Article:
Biden-Harris Administration Continues Efforts to Provide Debt Relief for More Student Loan Borrowers

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Biden-Harris Administration Continues Efforts to Provide Debt Relief for More Student Loan Borrowers

U.S. Department of Education releases draft regulatory text that would provide much-needed debt relief to borrowers across the country
October 30, 2023

The Biden-Harris Administration today continued its critical efforts to deliver student debt relief to as many borrowers as possible through negotiated rulemaking under the Higher Education Act by releasing draft regulatory text for specific categories of borrowers and outlining next steps to consider relief options for borrowers experiencing hardship. Forgiveness delivered to borrowers through negotiated rulemaking will build on the historic actions the Biden-Harris Administration has already taken to provide student debt relief to millions of Americans. To date, the Biden-Harris Administration has approved $127 billion in debt relief for nearly 3.6 million borrowers and launched the most affordable student loan repayment plan in history, the SAVE plan.

“President Biden and I are committed to helping borrowers who’ve been failed by our country’s broken and unaffordable student loan system,” said U.S. Secretary of Education Miguel Cardona. “These draft proposals would build on the historic $127 billion in loan forgiveness the Biden-Harris Administration has already approved for nearly 3.6 million borrowers. We are fighting to ensure that student debt does not stand in the way of opportunity or prevent borrowers from realizing the benefits of their higher education.”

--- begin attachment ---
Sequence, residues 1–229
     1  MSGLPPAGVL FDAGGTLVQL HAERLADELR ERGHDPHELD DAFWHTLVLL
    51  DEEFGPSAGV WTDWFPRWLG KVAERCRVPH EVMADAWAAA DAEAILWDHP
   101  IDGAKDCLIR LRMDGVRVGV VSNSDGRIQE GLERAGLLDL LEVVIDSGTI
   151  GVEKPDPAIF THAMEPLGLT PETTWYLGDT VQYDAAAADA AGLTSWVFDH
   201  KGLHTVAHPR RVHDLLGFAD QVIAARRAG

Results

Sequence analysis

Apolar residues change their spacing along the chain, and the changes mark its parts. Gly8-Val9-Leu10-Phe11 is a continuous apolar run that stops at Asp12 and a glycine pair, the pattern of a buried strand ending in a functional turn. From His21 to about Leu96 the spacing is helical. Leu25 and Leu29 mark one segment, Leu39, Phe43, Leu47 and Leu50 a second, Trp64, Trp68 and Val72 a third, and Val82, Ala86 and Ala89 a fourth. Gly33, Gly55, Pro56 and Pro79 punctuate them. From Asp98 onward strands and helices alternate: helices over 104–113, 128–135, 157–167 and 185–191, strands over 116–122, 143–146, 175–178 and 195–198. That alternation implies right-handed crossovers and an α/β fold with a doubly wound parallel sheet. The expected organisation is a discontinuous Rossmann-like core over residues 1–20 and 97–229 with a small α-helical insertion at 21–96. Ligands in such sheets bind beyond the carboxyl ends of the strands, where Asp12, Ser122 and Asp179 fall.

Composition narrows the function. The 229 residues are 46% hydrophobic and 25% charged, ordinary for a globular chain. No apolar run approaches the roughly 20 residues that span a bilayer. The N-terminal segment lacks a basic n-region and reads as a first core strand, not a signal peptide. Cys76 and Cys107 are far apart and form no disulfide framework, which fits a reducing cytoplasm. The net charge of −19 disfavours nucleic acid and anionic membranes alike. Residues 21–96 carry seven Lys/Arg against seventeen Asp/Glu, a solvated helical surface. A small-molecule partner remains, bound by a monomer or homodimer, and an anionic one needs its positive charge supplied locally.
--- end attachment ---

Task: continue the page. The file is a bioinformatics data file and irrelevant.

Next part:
The draft regulatory text released today provides negotiators and the public more details as the Department of Education (Department) works toward trying to reach consensus on proposals. The draft regulatory text includes language to provide debt relief for four groups of borrowers, including those who:

  • Currently have outstanding federal student loan balances that exceed what they originally borrowed.
  • Have loans that first entered repayment 25 or more years ago.
  • Took out loans to attend career-training programs that created unreasonable debt loads or provided insufficient earnings for graduates, as well as borrowers who attended institutions with unacceptably high student loan default rates.
  • The Secretary determines are eligible for forgiveness under repayment plans like income-driven repayment or targeted relief programs like Public Service Loan Forgiveness or closed school loan discharges except they have not applied for such relief.

The Department also released an issue paper today outlining additional questions and information to guide discussion about a fifth group of borrowers—those who are experiencing financial hardship that the current student loan system does not currently adequately address. The issue paper outlines concepts raised during the first negotiating session that require further development and discussion to identify potential regulatory proposals for the third session or future policymaking efforts. Questions in the paper include which types of borrowers may be experiencing hardship, whether standards used to make improvements to the bankruptcy process could be applied to student debt relief, and what data would be needed to determine whether a borrower is facing hardship.  In addition to discussing the draft regulatory text, negotiators will spend the afternoon of the second day of the session discussing the issue of hardship. The session will take place on November 6 and 7 from 10 a.m. to 4 p.m.